final tug, I see words burned into the leather: Our dead drink
My heart is jerking in my chest as I hand the cloth to my
father. He seems unsettled as well, and I wish I was riding,
Myself I am sure of.
The red uisce stallion is restless and snorting, ears pricked,
eager. He is very hot today. He will be fast. Fast and difficult
My father gives me the reins so that he can saddle the water
horse with the red cloth. I lick my teeth — they taste like
salt — and watch my father tie the matching armband around
his upper arm. Every year I have watched him, and every year
he has tied it with a steady hand, but not this year. His fingers
are clumsy, and I know he is afraid of the red stallion.
I have ridden him, this capall. On his back, the wind beating
me, the ground jarring me, the sea spraying our legs, we
I lean close to the stallion’s ear and trace a counterclockwise
circle above his eye as I whisper into his soft ear.
“Sean!” my father snaps, and the capall’s head jerks up
quickly enough that his skull nearly strikes mine. “What are
you doing with your face next to his today? Does he not look
hungry to you? Do you think you’d look fine with half
But I just look at the stallion’s square pupil, and he looks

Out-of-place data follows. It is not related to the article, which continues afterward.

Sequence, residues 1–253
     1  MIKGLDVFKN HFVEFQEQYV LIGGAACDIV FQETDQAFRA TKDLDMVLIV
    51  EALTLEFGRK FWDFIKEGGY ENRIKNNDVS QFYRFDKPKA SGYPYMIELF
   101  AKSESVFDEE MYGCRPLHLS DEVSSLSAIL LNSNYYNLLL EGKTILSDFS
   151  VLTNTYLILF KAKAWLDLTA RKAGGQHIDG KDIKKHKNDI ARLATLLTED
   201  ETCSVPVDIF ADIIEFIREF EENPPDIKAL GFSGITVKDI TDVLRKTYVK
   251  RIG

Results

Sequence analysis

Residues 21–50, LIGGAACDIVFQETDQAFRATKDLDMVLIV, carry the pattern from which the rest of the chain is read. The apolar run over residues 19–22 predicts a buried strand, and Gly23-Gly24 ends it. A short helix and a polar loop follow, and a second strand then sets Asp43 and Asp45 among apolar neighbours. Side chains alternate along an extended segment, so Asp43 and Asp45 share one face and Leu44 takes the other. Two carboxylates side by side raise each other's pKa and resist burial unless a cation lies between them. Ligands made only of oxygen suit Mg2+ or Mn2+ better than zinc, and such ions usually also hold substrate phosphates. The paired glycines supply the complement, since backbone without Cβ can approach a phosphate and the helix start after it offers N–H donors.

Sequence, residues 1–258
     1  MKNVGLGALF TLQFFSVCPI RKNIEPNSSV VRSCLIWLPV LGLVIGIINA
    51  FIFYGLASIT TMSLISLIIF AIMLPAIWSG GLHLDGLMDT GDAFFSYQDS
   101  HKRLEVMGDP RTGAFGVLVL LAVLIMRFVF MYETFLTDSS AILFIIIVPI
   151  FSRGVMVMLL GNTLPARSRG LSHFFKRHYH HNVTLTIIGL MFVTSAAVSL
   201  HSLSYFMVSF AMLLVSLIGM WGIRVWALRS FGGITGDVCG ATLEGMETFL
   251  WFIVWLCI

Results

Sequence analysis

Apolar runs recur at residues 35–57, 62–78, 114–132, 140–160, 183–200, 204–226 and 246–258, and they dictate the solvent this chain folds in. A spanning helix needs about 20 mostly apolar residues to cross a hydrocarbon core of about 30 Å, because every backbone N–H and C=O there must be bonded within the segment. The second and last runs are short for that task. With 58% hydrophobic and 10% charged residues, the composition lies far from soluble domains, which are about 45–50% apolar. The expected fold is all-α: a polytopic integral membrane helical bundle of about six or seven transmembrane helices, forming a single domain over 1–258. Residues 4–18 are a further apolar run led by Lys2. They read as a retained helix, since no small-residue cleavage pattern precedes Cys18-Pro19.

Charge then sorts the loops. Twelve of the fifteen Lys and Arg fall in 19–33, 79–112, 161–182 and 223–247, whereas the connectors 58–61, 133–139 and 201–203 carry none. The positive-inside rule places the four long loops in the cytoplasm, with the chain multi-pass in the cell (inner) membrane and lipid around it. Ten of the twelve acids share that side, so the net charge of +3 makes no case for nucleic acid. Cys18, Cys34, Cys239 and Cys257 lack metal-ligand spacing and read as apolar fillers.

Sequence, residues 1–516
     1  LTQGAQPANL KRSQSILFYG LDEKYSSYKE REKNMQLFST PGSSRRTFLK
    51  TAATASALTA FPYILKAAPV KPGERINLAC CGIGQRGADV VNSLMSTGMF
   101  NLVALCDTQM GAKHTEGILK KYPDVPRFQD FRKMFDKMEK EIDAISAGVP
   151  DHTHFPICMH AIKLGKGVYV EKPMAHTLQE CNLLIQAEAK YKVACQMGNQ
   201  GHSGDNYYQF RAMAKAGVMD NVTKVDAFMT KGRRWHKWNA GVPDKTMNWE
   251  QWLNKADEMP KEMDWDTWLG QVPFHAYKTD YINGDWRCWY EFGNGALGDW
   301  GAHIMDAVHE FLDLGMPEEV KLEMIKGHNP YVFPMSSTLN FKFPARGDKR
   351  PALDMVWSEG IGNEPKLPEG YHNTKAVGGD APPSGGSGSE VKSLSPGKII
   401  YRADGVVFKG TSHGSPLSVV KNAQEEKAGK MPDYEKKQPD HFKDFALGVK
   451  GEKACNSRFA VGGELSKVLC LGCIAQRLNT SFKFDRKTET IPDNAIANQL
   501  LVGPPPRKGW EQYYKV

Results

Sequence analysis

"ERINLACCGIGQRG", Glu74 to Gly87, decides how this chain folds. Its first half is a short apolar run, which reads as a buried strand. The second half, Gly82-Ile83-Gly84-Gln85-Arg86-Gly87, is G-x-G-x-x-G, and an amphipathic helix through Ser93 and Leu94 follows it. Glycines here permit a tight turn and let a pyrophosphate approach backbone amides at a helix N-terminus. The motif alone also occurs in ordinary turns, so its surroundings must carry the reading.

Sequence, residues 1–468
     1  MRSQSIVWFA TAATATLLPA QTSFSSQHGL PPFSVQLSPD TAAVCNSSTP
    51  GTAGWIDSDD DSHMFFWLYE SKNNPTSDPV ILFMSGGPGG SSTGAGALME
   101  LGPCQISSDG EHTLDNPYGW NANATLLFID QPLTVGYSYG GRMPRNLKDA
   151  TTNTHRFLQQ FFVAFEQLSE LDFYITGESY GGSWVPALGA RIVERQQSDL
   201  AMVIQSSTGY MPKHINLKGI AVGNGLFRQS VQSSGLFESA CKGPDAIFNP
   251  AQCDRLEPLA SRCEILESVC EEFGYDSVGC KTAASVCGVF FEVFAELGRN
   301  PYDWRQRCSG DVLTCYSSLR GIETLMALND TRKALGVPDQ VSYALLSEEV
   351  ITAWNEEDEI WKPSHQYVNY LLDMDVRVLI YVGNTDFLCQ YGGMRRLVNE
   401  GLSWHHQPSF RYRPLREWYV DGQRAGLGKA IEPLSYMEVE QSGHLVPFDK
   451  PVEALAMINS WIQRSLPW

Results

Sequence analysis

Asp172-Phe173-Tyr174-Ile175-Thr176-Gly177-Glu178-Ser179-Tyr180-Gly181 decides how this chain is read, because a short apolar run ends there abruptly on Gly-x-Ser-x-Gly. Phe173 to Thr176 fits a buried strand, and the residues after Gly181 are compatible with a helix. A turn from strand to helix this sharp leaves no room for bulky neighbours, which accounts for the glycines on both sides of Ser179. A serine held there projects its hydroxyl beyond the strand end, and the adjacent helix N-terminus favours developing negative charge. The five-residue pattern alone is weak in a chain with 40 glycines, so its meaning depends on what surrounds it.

back, his head turned slightly away from me. I hope he’s remembering
what I told him: Do not eat my father.
My father makes a noise in his throat and says, “I think
you should go up now. Come here and —“ He slaps my shoulder
before mounting up.
He is small and dark on the back of the red stallion. Already,
his hands work ceaselessly on the reins to keep the horse in
place. The motion twists the bit in the horse’s mouth; I watch
his head rocking to and fro. It’s not how I would have done it,
but I’m not up there.
I want to tell my father to mind how the stallion spooks to
the right, how I think he sees better out of his left eye, but
instead I say, “See you when it’s over.” We nod to each other like
strangers, the good–bye unpracticed and uncomfortable.
I am watching the race from the cliffs when a gray uisce
horse seizes my father by his arm and then his chest.
For one moment, the waves do not attack the shore and the
gulls above us do not flap and the gritty air in my lungs doesn’t
Then the gray water horse tears my father from his uneasy
place on the back of the red stallion.
The gray cannot keep its ragged grip on my father’s chest,
and so my father falls to the sand, already ruined before the
hooves get to him. He was in second place, so it takes a long
minute before the rest of the horses have passed over the top of
his body and I can see it again. By then, he is a long,
smear half-submerged in the frothy tide. The red stallion
circles, halfway to a hungry creature of the sea, but he does as I
asked: He does not eat the thing that was my father. Instead,
the stallion climbs back into the water. Nothing is as red as the
sea that day.
I don’t think often on my father’s body strung out through
the reddening surf. Instead, I remember him as he was before the
I won’t make the same mistake.